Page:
On May 27, 2008, representatives from Adalah-NY and Jews Against the Occupation (JATO) met with representatives from the United Arab Emirates UN Mission in Manhattan. They presented the UAE representatives with a letter from students from the West Bank village of Jayyous calling on the people of Dubai to boycott Israeli billionaire and settlement-builder Lev Leviev. In mid-April, Leviev announced that he would open two jewelry stores in Dubai. Adalah-NY then called on Dubai to boycott Leviev because of his businesses’ involvement in human right abuses and violations of international law in Palestine, Angola and New York City. Leviev’s companies have built settlement homes in Jayyous, in Bil’in, in Har Homa on Jabel abu Ghneim, and in Maale Adumim. On April 30, Ali Ebrahim, Deputy Director General for Executive Affairs in Dubai, was quoted in “Gulf News” saying that authorities had “not granted a trade license to any business of this name” and would not approve the application should one be made. Ebrahim “added that Israeli businesses would be prevented from operating in Dubai through non-Israeli partners.” In the May 27 meeting, Adalah-NY and JATO also gave the UAE representatives photos showing that Leviev’s jewelry is being advertised and sold by his Palestinian/Moroccan partner Arif Ben Khadra in his “Levant” stores in Dubai (http://nyc.indymedia.org/en/2008/05/97529.html), and asked the UAE to heed the Jayyous students’ boycott call below and enforce their government’s boycott pledge.
We, high school students of English in the Israeli-occupied West Bank village of Jayyous, declare our complete opposition to the Israeli businessman Mr. Lev Leviev who is destroying our olive groves that have sustained our village for centuries. Many of our families are not allowed permits by the Israeli occupying forces to work our own lands that Israel’s Wall is stealing for Mr. Leviev so he may expand his settlement “Zufim” onto our village’s farmlands.
We hear that the government of the United Arab Emirates has stopped Mr. Leviev from opening his diamond stores in Dubai Emirate. We ask the government and the people of Dubai to prevent the sale to customers in Dubai of “Leviev’s rocks of apartheid,” which will be used by Mr. Leviev to build more settlements on Jayyous’ lands.
How do we describe to the world what our life is like in occupied Jayyous in Palestine? The sadness in the eyes of our neighbors, whose only farmlands have been confiscated to build a settlement financed by Mr. Lev Leviev; the exhaustion that results when every daily action requires an extraordinary effort and when despair fights for a place on our people’s faces, as they carry their bags and babies through checkpoints, passing soldiers and tanks.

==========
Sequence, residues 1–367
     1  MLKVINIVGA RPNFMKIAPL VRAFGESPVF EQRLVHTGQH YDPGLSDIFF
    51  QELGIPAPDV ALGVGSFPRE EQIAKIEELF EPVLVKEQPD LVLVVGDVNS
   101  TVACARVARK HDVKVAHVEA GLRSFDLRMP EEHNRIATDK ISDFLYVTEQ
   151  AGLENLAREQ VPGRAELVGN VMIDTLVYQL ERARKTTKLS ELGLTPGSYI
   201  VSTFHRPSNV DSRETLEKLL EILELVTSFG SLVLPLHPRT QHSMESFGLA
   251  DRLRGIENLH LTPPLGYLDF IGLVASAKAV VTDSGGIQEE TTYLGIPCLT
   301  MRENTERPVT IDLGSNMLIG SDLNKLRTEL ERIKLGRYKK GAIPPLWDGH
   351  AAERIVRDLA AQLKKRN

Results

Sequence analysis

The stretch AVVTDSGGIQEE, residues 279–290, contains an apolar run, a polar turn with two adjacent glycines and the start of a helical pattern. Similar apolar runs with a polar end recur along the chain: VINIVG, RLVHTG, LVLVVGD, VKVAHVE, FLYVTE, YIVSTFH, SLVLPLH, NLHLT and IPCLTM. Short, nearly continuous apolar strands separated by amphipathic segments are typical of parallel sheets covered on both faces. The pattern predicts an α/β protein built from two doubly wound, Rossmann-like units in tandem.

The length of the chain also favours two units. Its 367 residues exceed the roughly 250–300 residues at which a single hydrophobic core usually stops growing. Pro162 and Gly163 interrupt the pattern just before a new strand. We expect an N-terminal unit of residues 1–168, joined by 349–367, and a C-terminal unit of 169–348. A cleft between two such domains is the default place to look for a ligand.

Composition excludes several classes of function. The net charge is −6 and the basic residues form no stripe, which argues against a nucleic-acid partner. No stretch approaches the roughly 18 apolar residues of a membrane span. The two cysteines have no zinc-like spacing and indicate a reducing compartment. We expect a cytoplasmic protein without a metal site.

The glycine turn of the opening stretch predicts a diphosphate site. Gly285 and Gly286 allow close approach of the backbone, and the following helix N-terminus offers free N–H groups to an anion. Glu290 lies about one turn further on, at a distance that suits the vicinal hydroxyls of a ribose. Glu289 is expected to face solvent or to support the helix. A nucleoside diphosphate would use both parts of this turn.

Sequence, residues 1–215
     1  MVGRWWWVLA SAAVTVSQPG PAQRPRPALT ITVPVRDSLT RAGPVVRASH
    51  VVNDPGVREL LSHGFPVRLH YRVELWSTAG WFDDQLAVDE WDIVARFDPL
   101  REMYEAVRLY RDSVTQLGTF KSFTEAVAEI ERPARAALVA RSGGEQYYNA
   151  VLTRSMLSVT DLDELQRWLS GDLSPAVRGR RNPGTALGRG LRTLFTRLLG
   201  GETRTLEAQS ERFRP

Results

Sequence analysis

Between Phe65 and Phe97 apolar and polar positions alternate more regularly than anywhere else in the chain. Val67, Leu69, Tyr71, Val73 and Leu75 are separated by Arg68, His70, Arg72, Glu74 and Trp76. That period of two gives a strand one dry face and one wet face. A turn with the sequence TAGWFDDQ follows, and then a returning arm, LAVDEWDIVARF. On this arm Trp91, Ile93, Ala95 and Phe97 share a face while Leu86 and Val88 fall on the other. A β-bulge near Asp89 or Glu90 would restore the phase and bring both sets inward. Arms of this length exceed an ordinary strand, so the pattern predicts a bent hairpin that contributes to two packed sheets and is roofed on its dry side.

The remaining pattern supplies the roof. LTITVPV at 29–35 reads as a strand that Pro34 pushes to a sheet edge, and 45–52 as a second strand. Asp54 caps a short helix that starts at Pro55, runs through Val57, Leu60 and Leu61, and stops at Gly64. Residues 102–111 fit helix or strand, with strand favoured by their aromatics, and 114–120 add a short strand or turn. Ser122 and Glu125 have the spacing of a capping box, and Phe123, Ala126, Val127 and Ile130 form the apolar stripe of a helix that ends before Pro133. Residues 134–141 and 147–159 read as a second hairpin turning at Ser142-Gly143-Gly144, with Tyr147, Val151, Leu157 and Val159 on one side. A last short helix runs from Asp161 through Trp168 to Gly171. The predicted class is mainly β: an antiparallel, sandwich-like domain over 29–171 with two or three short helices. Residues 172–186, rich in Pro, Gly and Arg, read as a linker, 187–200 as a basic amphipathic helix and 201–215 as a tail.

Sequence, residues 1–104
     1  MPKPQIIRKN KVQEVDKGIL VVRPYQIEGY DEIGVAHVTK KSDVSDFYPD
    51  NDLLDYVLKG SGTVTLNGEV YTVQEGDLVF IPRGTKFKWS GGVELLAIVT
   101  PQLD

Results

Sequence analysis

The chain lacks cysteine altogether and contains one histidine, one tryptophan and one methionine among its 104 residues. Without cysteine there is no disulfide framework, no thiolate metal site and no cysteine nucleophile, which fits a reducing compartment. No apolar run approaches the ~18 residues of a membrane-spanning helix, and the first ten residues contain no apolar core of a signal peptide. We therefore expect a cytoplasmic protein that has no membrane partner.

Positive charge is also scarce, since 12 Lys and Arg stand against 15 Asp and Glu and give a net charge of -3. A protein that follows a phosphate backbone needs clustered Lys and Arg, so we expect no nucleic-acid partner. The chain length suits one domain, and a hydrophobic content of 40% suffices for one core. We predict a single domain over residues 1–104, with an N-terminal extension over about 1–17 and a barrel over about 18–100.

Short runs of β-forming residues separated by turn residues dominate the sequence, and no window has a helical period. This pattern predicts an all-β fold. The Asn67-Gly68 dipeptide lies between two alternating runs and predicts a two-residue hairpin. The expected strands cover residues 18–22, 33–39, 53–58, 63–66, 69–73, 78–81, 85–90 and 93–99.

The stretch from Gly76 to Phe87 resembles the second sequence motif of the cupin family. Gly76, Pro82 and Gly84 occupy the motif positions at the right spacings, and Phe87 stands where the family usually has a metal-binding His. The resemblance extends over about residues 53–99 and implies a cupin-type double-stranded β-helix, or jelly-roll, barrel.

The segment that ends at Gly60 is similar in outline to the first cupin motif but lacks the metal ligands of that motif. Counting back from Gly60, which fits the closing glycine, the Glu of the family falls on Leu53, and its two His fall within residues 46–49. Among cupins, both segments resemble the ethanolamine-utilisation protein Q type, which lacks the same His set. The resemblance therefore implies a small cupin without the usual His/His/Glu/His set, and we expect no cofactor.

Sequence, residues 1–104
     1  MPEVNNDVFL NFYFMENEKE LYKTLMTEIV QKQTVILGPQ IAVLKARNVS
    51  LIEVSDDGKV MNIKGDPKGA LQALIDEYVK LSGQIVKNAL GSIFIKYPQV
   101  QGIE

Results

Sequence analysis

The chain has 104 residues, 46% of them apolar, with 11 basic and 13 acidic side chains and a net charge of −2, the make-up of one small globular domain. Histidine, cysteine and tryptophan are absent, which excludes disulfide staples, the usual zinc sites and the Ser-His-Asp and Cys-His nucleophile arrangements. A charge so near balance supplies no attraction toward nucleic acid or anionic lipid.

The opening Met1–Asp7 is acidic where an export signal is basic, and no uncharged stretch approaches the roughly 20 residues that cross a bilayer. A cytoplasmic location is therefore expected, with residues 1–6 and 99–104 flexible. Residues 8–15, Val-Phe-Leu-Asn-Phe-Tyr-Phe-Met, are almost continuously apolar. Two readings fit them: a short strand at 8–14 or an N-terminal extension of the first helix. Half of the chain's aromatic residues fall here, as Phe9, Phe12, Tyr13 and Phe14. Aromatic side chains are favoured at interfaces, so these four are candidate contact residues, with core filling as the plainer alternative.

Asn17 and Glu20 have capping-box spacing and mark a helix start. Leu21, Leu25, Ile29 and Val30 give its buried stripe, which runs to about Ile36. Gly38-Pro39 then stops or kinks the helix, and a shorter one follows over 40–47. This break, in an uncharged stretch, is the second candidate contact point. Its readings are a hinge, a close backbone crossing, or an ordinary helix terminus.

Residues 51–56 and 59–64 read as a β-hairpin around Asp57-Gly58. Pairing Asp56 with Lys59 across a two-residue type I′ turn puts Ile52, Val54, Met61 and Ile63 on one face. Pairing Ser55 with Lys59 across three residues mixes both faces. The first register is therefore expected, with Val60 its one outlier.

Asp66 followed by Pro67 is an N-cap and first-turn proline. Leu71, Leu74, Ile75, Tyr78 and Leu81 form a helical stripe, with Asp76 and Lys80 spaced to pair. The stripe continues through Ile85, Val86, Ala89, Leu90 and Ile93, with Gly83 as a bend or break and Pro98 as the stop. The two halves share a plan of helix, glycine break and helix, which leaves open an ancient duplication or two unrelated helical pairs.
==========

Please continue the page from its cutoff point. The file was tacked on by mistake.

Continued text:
On rainy days the water swells around our feet while we are going to our schools in Jayyous and Qalqilia. On the other hand, Israeli soldiers stand in shelters and never seem to get wet under their helmets and uniforms. They pull us out of our cars and line us up facing the wall. They sometimes make us sit in the dirt or in the rain, or under the hot sun while they chat on their mobile phones, joke with their friends, eat, smoke, and insult us with their words and their actions.
How do we explain how it feels when the wind blows and fill our noses with dust, and with the smell of sewage and garbage? Everyday, we feel more insecure, as curfews prevent pregnant women from giving birth in hospitals, and stop ambulances in their tracks, forcing some families to live with the decaying corpses of their family members for days.
What has increased our feeling of insecurity as students is the growing number of school days missed, the invasion and closure of the schools by Israeli forces, the number of teachers who cannot get to work, and the number of Palestinian prisoners who are without adequate food, water, sanitation, trials and family visits. These provocative practices that we grew up with in Jayyous have created many psychological problems for us. We think often of our fellow students who cannot afford to go to universities, students made poor because their families can no longer work on their farms because those lands are now isolated behind the “separation wall” where Mr. Leviev’s bulldozers destroy our grandfathers’ trees.
We think about the flood of indignities at the checkpoints. All our dreams for the future have been negatively affected and it’s becoming too challenging to fulfill them. As students we always dream of preparing for the future, but unfortunately many obstacles, such as curfews, Walls, closures, and unpredictable checkpoints are preventing their realization.
We hope for all students to live in peace, justice, freedom and love. Every Leviev diamond bought in Dubai pays for our oppression and dispossession. Give our proud village the chance to feed itself and grow again — boycott Mr. Lev Leviev, in Dubai and all over the world.